Do you have a particular place you like to drink wine? Do you live someplace where the climate allows you to enjoy a sidewalk café? Maybe you have a favorite restaurant or bar, perhaps you live near a beach or a lake and enjoy sipping while watching the waves. You might even know about a park or garden that is fine with the fruit of the vine and is a paradise all your own.
According to Google Earth I’ve seen 29% of the planet, so I think it’s safe to say I’ve had a few opportunities to find that perfect wine spot. I’ve drank wine in Rome, London, Athens, and Jerusalem. I’ve sipped fine wines on cruise ships with dinner as we graced the Atlantic. Funny thing is, in the end I didn’t have to go that far, because it turns out the best place to drink wine is in my back yard. Either by the fire pit or on my patio Josephine has made our backyard HEAVEN, a place where you leave the world’s cares at the front door and enter paradise, if only for a few hours. There was this place in Sicily that gave me a run for my money, but technically that was my backyard too.
I’m writing about this because I was able to use my backyard for the first time this spring and the old mojo was working. For a few hours I escaped electronics, deadlines, quotes, deliveries, taxes, politics, crazy sales people, chaos, tumult and confusion and enjoyed a great glass…okay…a great bottle of wine while the weight of the world went floating by like so many clouds above me.
The wine was Dona Paula Los Cardo, a Malbec from Mendoza, Argentina. This wine had me at hello. The color was a beautiful purple-red. The nose was a spirited blend of sweetness, spice, and intense aromas of berry fruit and roasted nuts. If you love fruit-forward wine this is a best-buy alert! The palate was fantastic: soft, velvety and fresh. You’ll love this wine with everything from fancy meals, to entertaining with appetizers, or just sitting in a back yard on a sunny Sunday afternoon after doing some yard work and feeling relaxed for the first time in a long time.
This wine makes me feel like singing the old Coke song “I’d like to buy the world this wine and teach the world to sing in perfect harmony, grow apple trees and honey bees and snow white turtledoves.” For me, wine really has become the healing balm of Gilead; a brief rest from a world just gone mad, which was one of the historical uses for wine anyways. Recently, I shared my wine haven with my son, his wife, and my daughter-in-law for a perfect Father’s Day lunch. So friends, do the same: find your spot, open your wine, and realize that for all its sham and drudgery this is still a dilly of a planet with plenty of places to enjoy a bottle. Remember wine is liquid sunshine.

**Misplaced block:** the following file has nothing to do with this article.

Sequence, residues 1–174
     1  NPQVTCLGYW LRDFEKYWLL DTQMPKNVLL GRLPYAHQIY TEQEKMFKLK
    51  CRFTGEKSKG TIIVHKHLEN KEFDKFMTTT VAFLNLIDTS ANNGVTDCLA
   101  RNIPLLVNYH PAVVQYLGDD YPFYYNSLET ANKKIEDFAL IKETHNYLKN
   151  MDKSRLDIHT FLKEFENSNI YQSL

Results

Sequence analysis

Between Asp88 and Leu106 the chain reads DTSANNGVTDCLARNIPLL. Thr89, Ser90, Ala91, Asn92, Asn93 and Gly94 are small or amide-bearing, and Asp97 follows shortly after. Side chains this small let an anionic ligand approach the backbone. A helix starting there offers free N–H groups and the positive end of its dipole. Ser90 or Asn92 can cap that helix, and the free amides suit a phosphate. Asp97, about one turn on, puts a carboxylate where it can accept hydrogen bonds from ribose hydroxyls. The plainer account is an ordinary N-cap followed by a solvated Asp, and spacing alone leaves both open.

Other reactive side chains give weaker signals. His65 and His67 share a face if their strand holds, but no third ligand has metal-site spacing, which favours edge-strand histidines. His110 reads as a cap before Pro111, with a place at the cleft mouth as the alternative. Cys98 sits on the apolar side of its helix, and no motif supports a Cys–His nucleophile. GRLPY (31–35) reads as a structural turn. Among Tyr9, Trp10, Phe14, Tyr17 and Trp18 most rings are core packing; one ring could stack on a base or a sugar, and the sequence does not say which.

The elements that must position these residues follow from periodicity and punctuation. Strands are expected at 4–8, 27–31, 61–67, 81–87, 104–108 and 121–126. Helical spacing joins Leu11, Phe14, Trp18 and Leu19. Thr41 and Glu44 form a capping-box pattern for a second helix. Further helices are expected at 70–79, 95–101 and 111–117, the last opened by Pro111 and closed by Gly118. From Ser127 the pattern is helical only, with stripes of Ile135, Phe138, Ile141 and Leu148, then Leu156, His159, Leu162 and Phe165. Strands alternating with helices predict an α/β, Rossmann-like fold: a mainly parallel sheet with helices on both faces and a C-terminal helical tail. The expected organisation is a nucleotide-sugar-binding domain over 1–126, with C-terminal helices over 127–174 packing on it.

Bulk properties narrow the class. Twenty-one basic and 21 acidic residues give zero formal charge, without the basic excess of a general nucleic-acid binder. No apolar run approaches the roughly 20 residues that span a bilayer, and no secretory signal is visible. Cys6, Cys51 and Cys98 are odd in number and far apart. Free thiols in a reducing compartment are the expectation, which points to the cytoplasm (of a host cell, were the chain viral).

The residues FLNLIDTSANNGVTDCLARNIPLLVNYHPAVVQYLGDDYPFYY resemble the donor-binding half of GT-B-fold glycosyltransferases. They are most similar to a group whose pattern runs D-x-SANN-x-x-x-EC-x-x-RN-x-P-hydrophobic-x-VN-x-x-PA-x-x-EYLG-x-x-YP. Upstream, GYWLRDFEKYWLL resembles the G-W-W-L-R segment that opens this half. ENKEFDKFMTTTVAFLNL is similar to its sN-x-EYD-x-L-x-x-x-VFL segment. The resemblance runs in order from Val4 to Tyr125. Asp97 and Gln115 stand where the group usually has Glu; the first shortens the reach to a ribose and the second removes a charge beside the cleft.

“Sometimes you have to stop and sniff the corks!” -Arna Dan Isacsson
Last week I said no Riesling, absolutely not, and that we would not consider any Riesling wines in our search for the Great White Wine of 2013. Did I really say that? Maybe I said Reichensteiner and just spelled it wrong! Where’s Jay Carney when I need him?
The reason for my grief is I enjoyed one of the best bottles of white wine I’ve had in a while, the D.R. Loosen Bros. 2011 Riesling. I had purchased this wine after reading an article in Wine Spectators magazine on German Riesling. Folks, this was the BOMB! Overlooking the Mosel River , the wine is grown on an Estate that has been passed down for 200 years. The vines are on average 60 years old.
The color is a clear yellow. The wine had a noteworthy nose, which surprised me the most because most whites are like sniffing water. I found an inviting aroma of apples and pears. The taste was sweet, refreshing, and it tasted thick. One critic said it was like an apple pie filling, a gross exaggeration, but it is sweet and thick. Again, I got the apples, and pears, and I think a hint of grapefruit. The main reason I liked it was it was refreshing and paired well with my spicy Buffalo wings. I liked the wine so much I purchased another bottle.
The wine snobs hammer the Loosen Bros, with one saying, “Yet another of those American Style overly-sweet Rieslings.” Goodness, I’ll go hang my head in shame for being sweet and one of the most popular Rieslings on the market. Gees.
Wine Spectator routinely awards this wine high marks and praise despite its modest price point of only $12. Wine Trials, a publication that blind tastes under-$15 bottles against $50 had this wine coming out on top. My suggestion is to go buy a bottle and try it yourselves!
Now, I’ll tell you the search for the Great White is in full swing. One variety that has been added to the list is Gruner Veltliner from Austria . Until I got the e-mail I had never heard of this grape, so it went right on the list. If you have suggestions for a vineyard send it along.
I have a La Segreta form Sicily a blend of 50% Grecanico, 30% Chardonnay10% Viognier and 10% Fiano on deck in the cooler. We have Collidi Lapio from Italy , that’s made from the Fiano Grape. Then from Spain we have Columna from the Albarino grape. So get you suggestions in, the list is filling up!
A few e-mails have indicated I might be limiting myself with the exclusion of Riesling, Chardonnay, Pinot Grigio, and Sauvignon Blanc. I still say the summer is the best time to experiment with wine, so have fun and let your hair down a little bit.